|FDA is becoming more contentious of the heart when approving diabetes drugs. Source: Aging Management|
Pharmaceutical companies that produce diabetes drugs or biologics with no cardiovascular (CV) safety signal during clinical trials should be required to submit long-term CV trial results, or provide other evidence to rule out an unacceptable level of CV risk, according to a recent ruling from an FDA panel.
The FDA’s Endocrinologic and Metabolic Drugs Advisory Committee, which falls under the Center for Drug Evaluation and Research, voted 14–2 last week, with no abstentions, in favor of the requirement. The panel members said such a long-term study would need to last five years and could be under way at the time the drug is approved.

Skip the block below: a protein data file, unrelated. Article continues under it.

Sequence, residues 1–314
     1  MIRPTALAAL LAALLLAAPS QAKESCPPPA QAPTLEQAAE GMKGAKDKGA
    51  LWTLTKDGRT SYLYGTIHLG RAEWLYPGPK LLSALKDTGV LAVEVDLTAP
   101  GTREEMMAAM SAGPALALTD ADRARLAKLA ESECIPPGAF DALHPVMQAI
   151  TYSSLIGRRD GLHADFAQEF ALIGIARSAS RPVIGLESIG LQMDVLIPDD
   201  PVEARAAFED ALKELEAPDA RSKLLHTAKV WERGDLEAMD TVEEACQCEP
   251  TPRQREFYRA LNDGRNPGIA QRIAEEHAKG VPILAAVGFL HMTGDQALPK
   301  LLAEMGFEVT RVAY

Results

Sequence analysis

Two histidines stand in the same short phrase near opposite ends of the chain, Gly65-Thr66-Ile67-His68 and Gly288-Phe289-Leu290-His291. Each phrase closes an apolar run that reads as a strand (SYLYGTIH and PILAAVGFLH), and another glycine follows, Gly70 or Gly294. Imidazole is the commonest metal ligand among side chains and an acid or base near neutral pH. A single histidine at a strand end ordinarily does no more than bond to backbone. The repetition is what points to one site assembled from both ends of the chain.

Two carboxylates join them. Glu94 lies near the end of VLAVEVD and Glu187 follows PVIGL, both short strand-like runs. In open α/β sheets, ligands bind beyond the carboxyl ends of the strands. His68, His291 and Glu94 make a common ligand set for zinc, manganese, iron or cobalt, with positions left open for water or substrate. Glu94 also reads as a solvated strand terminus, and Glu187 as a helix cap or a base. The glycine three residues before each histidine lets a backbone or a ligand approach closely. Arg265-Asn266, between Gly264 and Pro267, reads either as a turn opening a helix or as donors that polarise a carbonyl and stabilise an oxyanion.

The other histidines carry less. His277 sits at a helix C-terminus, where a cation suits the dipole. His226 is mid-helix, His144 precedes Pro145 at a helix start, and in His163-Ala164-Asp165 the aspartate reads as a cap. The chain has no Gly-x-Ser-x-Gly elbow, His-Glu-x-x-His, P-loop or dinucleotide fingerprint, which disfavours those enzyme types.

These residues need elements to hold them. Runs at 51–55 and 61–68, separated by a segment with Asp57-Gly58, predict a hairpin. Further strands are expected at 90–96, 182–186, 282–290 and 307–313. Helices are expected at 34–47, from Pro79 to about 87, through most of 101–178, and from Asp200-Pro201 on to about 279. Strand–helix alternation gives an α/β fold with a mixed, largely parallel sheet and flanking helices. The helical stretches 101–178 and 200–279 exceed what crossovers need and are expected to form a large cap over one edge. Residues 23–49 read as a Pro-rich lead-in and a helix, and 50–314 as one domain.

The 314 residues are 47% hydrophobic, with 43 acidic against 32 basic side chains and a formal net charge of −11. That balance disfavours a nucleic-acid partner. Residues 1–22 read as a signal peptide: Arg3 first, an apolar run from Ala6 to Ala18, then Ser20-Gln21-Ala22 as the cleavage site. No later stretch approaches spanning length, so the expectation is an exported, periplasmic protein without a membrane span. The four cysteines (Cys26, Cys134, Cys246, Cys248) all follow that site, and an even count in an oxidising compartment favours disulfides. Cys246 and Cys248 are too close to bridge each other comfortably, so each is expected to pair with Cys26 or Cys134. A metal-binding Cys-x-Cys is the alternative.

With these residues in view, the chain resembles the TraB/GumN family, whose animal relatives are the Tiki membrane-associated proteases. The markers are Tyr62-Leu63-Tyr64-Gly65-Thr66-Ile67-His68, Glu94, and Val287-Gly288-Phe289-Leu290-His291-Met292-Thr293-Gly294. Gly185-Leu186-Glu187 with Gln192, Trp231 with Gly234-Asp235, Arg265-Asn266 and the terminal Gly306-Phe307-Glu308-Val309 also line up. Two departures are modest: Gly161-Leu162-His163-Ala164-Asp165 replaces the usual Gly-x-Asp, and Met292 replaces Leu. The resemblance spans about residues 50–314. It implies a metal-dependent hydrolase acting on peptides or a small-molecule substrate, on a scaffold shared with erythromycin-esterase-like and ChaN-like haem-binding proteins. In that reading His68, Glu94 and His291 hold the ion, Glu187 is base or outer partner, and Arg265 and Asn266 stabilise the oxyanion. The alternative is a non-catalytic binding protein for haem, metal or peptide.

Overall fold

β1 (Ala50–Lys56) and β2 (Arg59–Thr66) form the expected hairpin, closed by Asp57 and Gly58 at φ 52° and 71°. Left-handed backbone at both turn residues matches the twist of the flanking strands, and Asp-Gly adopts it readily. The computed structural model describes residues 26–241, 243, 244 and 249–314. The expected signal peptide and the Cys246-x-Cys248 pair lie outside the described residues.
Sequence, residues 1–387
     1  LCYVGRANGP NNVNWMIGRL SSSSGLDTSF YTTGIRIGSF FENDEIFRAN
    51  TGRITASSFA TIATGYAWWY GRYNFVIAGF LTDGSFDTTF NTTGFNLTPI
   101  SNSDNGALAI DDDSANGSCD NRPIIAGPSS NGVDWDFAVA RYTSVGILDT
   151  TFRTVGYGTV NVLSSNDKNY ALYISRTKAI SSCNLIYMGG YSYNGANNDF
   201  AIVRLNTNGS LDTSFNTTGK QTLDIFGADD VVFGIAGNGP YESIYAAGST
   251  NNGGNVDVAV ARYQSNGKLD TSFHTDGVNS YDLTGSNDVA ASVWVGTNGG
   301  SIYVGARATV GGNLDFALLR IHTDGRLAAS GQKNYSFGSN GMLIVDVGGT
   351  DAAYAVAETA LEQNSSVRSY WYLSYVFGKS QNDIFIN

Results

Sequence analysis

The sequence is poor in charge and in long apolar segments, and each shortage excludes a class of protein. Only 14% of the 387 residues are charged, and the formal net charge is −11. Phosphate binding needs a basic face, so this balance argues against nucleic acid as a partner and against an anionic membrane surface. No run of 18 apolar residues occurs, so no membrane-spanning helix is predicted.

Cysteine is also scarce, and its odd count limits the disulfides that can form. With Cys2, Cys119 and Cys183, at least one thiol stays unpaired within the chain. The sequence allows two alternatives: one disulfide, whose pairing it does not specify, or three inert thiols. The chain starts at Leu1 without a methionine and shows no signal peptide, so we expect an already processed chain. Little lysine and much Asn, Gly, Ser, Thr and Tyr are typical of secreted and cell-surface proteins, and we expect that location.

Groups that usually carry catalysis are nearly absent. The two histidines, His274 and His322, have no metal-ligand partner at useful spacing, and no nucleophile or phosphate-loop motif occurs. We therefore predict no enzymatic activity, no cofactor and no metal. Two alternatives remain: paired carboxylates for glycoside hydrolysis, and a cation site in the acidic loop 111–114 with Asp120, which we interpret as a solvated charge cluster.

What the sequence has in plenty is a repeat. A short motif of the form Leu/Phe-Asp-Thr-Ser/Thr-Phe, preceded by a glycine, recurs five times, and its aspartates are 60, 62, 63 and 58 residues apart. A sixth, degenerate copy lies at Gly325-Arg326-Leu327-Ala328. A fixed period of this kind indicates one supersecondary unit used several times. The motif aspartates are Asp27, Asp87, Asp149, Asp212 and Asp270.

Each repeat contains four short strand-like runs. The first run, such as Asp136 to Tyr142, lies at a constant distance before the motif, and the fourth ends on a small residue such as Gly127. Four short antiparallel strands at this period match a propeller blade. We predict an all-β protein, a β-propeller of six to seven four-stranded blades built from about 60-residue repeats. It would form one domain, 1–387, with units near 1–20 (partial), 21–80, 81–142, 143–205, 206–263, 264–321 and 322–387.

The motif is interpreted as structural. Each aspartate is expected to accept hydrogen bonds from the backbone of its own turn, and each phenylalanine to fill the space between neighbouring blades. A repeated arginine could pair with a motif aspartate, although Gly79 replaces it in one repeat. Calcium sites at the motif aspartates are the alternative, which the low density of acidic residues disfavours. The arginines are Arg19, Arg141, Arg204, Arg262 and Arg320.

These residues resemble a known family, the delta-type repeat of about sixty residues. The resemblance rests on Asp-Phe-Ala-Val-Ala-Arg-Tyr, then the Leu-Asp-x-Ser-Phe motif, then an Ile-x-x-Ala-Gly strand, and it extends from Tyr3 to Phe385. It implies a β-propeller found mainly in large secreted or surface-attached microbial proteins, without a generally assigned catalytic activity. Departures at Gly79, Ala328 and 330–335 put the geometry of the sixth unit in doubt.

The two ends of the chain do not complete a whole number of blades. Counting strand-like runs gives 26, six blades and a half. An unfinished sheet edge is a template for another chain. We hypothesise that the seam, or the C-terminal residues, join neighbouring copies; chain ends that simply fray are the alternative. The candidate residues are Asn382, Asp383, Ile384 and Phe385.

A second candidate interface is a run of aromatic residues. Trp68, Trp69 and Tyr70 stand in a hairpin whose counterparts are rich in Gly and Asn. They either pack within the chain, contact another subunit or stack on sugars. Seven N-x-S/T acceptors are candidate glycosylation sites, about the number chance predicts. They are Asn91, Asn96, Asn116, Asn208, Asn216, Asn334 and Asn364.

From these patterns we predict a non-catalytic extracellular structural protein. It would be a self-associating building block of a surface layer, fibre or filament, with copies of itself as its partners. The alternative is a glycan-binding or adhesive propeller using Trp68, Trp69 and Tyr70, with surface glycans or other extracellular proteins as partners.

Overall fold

The previously scheduled meeting discussed the adverse CV events associated with GlaxoSmithKline’s (GSK) Avandia (rosiglitazone maleate), a type 2 diabetes drug, whose sales plummeted after eight years on the market when new trials raised concerns about the CV risks. In April, the FDA accused GSK of failing to report negative clinical data on Avandia to U.S. regulators.
Even a trial of five years may not recognize all the long-term benefits or risks of diabetes drugs, but it “seems like a reasonable, practical duration for the trial,” said Saul Genuth of Case Western Reserve University in Cleveland, a nonvoting member of the advisory committee.
The panel did consider, but rejected, the concept that a diabetes drug should be required to show CV benefit.
New CV study requirements for diabetes drugs could result in long delays in the approval process of new drugs, said Eric Felner of Emory University School of Medicine in Atlanta, who voted against the new requirement.